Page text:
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ADD & ADHD Center

A List of School Snacks for ADHD Kids

by
author image Sara Ipatenco
Sara Ipatenco has taught writing, health and nutrition. She started writing in 2007 and has been published in Teaching Tolerance magazine. Ipatenco holds a bachelor's degree and a master's degree in education, both from the University of Denver.
A List of School Snacks for ADHD Kids
ADHD makes it hard for a child to concentrate on schoolwork. Photo Credit shironosov/iStock/Getty Images

Most parents understand that food battles are part of raising children, but parents of children with attention-deficit hyperactivity disorder can struggle to convince their children to eat enough, according to registered dietitian David Feder, writing for "ADDitude," a magazine dedicated to attention disorders. Certain foods can help a child with ADHD focus and concentration better. You should, however, speak with your child's doctor about the risks and benefits of using food as a potential treatment option.

Protein Is Powerful

Snacks rich in protein can help a child with ADHD focus and concentrate for longer periods of time, according to Feder. Crackers with nut butter, such as peanut or almond butter, is one example of a portable school snack rich in protein. A handful of nuts or seeds, such as pecans, cashews or pumpkin seeds, is another protein-rich idea. Lean meat, such as white-meat chicken or turkey, wrapped in a piece of low-fat cheese is also a good protein snack that packs well to take to school.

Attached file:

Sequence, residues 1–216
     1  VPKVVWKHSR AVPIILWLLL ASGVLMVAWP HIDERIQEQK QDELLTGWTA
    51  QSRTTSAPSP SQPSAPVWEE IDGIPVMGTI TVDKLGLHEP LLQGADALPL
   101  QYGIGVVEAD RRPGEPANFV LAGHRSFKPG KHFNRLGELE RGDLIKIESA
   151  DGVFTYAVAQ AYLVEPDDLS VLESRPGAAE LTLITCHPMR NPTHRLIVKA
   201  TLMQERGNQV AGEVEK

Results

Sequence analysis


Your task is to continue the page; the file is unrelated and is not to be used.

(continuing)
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Load Up on Omega-3s

Feder suggests foods rich in omega-3 fatty acids for children with ADHD because this nutrient increases brain function and can boost memory. Walnuts are a good source of omega-3 fatty acids, and they are easy to transport to school, too. Ground flaxseeds are another good source of omega-3s, and you can add these to homemade muffins or bread, two items that are portable enough to take to school.

Get More Complex

Complex carbohydrates, especially ones that contain fiber, may help children with ADHD because they prevent rapid blood sugar spikes, Feder notes. Fresh fruits and vegetables are examples of complex carbohydrates, and many varieties, such as apples and carrots, pack well in a backpack, too. A whole-grain pita with hummus or a peanut butter and jelly sandwich on whole-wheat bread are additional ideas. Dried fruits, nuts, seeds and whole-grain crackers are a few more complex carbohydrates that can be easily be taken to school.

Certain Nutrients Are Key

A nutrient-dense diet is important for all children, but increasing the intake of certain vitamins and minerals for children with ADHD can help increase focus. According to Feder, zinc, iron and magnesium can help a child with ADHD concentrate better. Fruits, vegetables, nuts, seeds and whole grains are good sources of these nutrients. Dried fruits supply these nutrients, too. Lean meat is another good source, so consider sending whole-grain crackers with white-meat chicken or lean roast beef for a healthy snack.

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References

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